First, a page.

The Making Of
Filmmaker Gary Hustwit reflects on what makes good design, the people behind the fonts and why typography fans should forget standup and keep their day jobs.
What led you to make this film?
I’ve always been a huge fan of graphic design. I bought a Macintosh computer in the late 1980s and I’ve been playing around with fonts ever since. I think there are some amazingly talented designers out there, people whose work we see every day, but maybe take for granted. Fonts aren’t magically generated by your computer; people actually draw these things, so I wanted to talk to these designers about what they do and look at how their work affects our lives.
What were some of the challenges you faced in making this film?
As with all independent documentaries, fundraising is the biggest challenge. For this film, I used the “traditional” fundraising structure: I maxed out every credit card I had, my girlfriend’s credit cards, friends, family, etc. And we sold t-shirts and posters on our Web site while we were still shooting the film.
How do you see the next 50 years of graphic design differing from the last 50?
Prior to the Internet, trends in graphic design were more regional and those trends took years or decades to spread between different countries and cultures. In 1957, if you wanted to use Helvetica, you had to arrange for literally tons of metal type to be shipped from the foundry in Switzerland to your printing shop. Today, design trends rise and fall worldwide in a few days with the click of a mouse. So I don’t think we’ll see specific graphic design styles dominating in the next 50 years; the dominant style is now a mix of every style, all at once.
Do you think there's a chance of a newly designed font ever gaining widespread prominence or will Helvetica rule forever?
Well, it’s got a 50-year head start, so it’s a challenge for sure. It really depends on technological factors; if Microsoft decides to put a new font on hundreds of millions of Windows machines, then that’s a dominant font. But people always seem to come back to Helvetica—there’s a strange familiarity and character in its letters that somehow make us want to keep reading and using it.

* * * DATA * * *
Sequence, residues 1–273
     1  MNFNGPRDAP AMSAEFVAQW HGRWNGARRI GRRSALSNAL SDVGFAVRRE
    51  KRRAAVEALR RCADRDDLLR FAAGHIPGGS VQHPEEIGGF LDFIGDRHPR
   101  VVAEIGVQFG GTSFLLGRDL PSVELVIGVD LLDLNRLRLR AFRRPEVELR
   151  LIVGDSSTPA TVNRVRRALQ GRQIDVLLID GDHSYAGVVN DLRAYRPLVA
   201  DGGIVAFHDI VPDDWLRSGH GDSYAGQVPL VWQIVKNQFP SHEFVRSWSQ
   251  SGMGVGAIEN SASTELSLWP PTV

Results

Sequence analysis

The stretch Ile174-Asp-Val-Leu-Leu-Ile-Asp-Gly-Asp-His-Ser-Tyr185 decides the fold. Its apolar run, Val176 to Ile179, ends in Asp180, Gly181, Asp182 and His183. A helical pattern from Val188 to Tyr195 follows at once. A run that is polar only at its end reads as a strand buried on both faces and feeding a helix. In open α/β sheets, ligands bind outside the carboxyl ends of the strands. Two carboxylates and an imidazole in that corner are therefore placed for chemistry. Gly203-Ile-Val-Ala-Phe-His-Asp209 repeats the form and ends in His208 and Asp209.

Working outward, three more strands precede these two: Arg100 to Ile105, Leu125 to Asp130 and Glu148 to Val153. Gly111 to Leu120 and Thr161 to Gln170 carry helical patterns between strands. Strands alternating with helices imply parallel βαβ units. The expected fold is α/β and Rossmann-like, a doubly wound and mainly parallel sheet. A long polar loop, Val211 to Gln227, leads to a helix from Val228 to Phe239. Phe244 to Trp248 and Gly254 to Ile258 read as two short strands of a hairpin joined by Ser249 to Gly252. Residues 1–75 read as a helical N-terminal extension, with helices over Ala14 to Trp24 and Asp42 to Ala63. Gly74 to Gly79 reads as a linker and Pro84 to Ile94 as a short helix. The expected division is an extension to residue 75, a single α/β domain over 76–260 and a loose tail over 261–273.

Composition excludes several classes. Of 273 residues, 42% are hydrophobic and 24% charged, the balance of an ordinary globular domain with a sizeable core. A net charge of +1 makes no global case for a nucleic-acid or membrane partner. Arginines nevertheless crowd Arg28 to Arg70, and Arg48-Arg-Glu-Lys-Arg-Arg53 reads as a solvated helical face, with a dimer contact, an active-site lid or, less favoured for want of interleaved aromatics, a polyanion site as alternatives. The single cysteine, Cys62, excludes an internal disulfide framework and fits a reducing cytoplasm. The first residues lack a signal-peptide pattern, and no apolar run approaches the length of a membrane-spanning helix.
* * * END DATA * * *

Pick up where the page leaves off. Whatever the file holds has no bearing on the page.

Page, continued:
Can you put definitions on what makes good or bad design?
For me, good design is simple, clear, useful, sustainable and it makes my life better. Bad design is wasteful, confusing and redundant.
What are your favorite resources for exploring great modern-day design and designers?
How did you gain the trust of the subjects in your film?
I think most of them thought I was kidding at first! But once I explained what I was trying to do with the film, they all got very excited about participating. Most of these designers had never done a filmed interview before, so I think they were thrilled that someone wanted to them to talk about what they do.
Tell us about a scene in the film that especially moved or resonated with you.
While we were driving around the streets of Berlin, shooting the street scenes there, we came upon a worker finishing up the installation of a huge billboard for the World Cup. It was a full block long, it featured 10-foot high Helvetica lettering and he was just finishing the last panel of it. I think that’s probably my favorite shot in the film, just because the type is so large, there’s someone directly interacting with it and because we found it by accident.
What has the audience response been so far?
The audience response worldwide has been pretty amazing. The film has screened in about 300 cities, everywhere from Moscow to Melbourne and from Tehran to Tokyo. In one sense, it’s the first major documentary about graphic design, so you’ve got everyone from veteran designers who’ve been doing this for decades to young design students all coming out to see a film about what they love. The screenings were social events for designers in the various cities. And, since so many non-designers use fonts these days, the film crossed over to non-designers as well, to anyone who’s interested in art or communication.
The independent film business is a difficult one. What keeps you motivated?
What motivates me is getting to see films on screen that started out as just a crazy idea in my head. I really approach filmmaking more as a viewer: what film would I most want to see, but that doesn’t exist yet? So it’s cool to see that film come to life and then be able to share it with other people.
Why did you choose to present your film on public television?
I think most filmmakers want to reach the largest audience possible and one that’s most suited to their subject matter. The public television audience is constantly curious about the world around us, and I think that’s really the message of this film: to be aware of your surroundings and to not take seemingly ubiquitous things like typography for granted.
Is there anything else you’d like to share in this Q&A?
People usually ask, “What’s your next film about, Times New Roman?” Then they laugh a lot, thinking they’re the first one to come up with that joke. Trust me, they’re not!